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  • Oh Don’t Be Silly


    If you are slated to be interviewed on one of the Sunday news programs — an essential part of your preparation is to think up all the questions you hope won’t be asked — and figure out what you will say if the moderator disappoints you and throws a tough one at you.

    Christina Romer, Chair of the White House Council on Economics appeared on Fox News Sunday today. Toward the end of her interview, Chris Wallace hit her with one of those questions she obviously would rather not field. In this case she seemed under-prepared.

    Wallace asked about growing calls for Treasury Secretary Tim Geithner to resign. The correct way to answer would be to say something pithy like:

    “He is doing a great job under the most difficult circumstances. He has the absolute confidence of the President and key Congressional leaders. I expect him to continue in the job for a long time helping us out of the fiscal mess we inherited.”

    Instead, Ms Romer hemmed and hawed. She called the clamor for Geithner to go “silly” and she looked decidedly uncomfortable in handling the matter. She got in most of the points we outline above…but it took her too long to do so and she did not convey much confidence with her answers.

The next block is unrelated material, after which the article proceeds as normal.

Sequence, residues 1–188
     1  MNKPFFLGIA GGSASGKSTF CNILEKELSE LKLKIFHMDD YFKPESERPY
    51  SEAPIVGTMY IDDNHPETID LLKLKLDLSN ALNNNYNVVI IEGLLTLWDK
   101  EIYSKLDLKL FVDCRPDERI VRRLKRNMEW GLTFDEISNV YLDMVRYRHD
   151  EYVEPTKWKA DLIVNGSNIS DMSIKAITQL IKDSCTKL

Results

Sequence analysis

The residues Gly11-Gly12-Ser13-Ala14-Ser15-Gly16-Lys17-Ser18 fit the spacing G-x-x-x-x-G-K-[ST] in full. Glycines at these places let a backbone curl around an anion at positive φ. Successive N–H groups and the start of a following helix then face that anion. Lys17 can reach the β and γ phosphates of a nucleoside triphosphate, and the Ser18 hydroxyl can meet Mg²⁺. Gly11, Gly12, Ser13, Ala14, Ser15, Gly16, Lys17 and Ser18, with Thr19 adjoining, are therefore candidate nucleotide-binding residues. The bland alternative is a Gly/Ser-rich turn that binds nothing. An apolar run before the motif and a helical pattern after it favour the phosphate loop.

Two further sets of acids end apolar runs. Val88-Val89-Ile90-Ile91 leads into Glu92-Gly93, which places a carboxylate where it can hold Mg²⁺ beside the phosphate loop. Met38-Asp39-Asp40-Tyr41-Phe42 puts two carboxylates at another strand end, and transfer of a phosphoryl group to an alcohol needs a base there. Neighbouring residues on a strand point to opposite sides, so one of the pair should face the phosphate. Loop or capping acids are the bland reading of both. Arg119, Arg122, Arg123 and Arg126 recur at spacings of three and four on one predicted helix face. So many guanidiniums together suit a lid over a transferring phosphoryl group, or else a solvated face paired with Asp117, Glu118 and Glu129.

Here is the transcript of that portion of the interview

    WALLACE: There are growing calls — relatively small, I grant you, but growing — for the resignation of Timothy Geithner. What would the impact be on the financial markets and the president’s recovery plan if Geithner were to step down and we didn’t have a treasury secretary for the next few months?

    ROMER: I think — I think all of this discussion is — is really silly. Tim Geithner is an excellent secretary of the treasury. He has been dealt an unbelievably difficult hand to deal with. But he’s actually doing a fantastic job, right?

    He announced back in February an overall plan for how we’re going to deal with the financial system. And just remember, what he’s been doing in the last several months is just filling in all the pieces.

    We’ve had the housing program. We’ve had the small business program. We’ve gotten the consumer and business lending initiative going. Just last week we…

    WALLACE: But there are growing calls building up there on Capitol Hill for him to step down. So it isn’t silly.

    ROMER: I think he is — you know, the crucial thing is he is doing an excellent job. He has the complete support of the president. And he’s going to keep doing an excellent job.

    He’s going to — we’re going to –– as you pointed out, we’re going to be announcing how we’re going to get the toxic assets off banks’ balance sheets, and there’ll be other pieces to come as well.

    When answering this kind of question — you need to make your point and stop. If you keep rambling on, you only undermine your case.

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  • Money, Money, Money